Ministry asks partners to support mental health in schools

The Minister of State for Higher Education,  Mr John Chrysostom Muyingo, has asked development partners to train teachers and counsellors to support people with mental illnesses in schools and other related illnesses to prevent cases from escalating.
“Recently, we have seen many cases of suicides in schools across the country and it is greatly attributed to mental health. We have witnessed increasing cases of strikes and burning of education institutions as a result of mental issues among learners,” Mr Muyingo said in a statement read for him by the commissioner for health training education in the Ministry of Education, Dr Safina Musene on Wednesday.

This was during the launch of a mental health campaign in Kampala under the theme, “Make mental health and well-being for all a priority in schools and community”.
“Covid-19 increased the high dependency and poverty levels. I am concerned that stress-related incidences will continue to increase. Stakeholders should work together to promote mental health and psycho-social support among learners at school, individuals and families,” Mr Muyingo said.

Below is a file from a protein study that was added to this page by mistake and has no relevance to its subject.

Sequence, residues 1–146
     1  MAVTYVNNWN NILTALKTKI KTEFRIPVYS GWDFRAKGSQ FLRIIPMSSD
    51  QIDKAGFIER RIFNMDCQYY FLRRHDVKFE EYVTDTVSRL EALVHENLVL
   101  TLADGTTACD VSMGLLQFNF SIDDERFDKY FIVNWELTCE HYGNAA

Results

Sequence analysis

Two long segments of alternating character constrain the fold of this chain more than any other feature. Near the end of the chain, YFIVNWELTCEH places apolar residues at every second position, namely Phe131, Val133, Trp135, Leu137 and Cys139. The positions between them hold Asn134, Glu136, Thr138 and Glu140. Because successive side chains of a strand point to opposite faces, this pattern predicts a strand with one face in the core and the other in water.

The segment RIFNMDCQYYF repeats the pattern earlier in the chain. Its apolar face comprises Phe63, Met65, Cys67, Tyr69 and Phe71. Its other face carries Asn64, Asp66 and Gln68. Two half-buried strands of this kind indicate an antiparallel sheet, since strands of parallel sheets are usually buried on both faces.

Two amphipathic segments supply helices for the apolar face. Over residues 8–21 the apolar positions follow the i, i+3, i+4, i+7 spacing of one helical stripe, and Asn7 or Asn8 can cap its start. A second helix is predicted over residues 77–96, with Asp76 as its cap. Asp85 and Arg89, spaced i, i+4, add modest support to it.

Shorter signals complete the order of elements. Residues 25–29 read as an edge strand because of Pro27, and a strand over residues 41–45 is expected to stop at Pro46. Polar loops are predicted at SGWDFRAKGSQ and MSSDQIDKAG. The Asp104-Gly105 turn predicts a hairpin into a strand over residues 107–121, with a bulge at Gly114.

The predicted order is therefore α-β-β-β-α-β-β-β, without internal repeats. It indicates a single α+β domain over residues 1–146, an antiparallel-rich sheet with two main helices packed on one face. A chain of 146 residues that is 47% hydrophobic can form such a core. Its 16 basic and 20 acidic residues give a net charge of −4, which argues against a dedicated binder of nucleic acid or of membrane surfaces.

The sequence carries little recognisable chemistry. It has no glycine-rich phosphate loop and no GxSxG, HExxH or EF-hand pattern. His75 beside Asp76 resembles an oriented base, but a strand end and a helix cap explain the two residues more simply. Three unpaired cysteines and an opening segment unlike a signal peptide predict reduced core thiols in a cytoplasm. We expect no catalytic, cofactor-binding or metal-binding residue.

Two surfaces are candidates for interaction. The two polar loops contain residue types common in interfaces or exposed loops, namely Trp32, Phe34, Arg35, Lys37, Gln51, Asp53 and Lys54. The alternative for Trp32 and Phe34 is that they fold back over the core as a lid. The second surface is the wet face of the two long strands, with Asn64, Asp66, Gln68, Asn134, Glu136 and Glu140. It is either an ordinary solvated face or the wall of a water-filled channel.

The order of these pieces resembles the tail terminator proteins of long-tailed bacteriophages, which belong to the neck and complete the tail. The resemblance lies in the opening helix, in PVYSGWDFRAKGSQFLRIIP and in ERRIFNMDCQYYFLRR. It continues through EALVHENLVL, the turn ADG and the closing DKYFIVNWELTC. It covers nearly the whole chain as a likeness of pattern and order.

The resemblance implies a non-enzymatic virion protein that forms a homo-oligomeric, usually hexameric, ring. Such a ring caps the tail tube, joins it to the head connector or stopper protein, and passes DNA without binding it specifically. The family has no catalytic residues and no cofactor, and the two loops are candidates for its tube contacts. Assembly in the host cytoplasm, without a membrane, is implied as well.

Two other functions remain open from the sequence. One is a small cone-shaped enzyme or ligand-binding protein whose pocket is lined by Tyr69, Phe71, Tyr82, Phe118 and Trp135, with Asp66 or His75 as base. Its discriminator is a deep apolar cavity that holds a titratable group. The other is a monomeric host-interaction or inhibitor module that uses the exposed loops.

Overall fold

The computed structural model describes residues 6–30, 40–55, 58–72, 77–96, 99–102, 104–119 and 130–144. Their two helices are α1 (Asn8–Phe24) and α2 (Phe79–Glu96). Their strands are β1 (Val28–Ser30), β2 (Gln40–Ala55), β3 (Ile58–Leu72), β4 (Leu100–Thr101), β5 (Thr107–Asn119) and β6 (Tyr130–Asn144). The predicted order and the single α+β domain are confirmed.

He said nearly two million people in the country suffer from mental illnesses ranging from epilepsy, bipolar disorder, alcohol use, disorder, anxiety, depression and schizophrenia.

A recent study by the Ministry of Health and the Uganda Counselling Association revealed that at least four million Ugandans are suffering from some form of mental illness.
Mr Muyingo said districts should lobby the government to increase funding towards mental health services in schools and the community.
He said the ministry had come up with a circular on mental health in schools to guide and solicit support from development partners to promote mental health awareness and treatment in schools.

Mr Ismail Mulindwa, the director of  Basic and  Secondary Education, said the effects of Covid-19 continue to ignite the risk of depression, anxiety, and stress among adolescents.
Mr Mulindwa noted that globally, half of all mental illness start by the age of 14, and mental illness affects 16 percent of adolescents between the ages of 15 and 19.
He added that even teachers were affected at personal, family and professional levels, depleting their resilience, making the teaching and learning process compromised.
Mr Henry Ssemakula, a senior education officer, called for parents’ involvement in counselling their children so that they can be able to manage problems in a positive manner.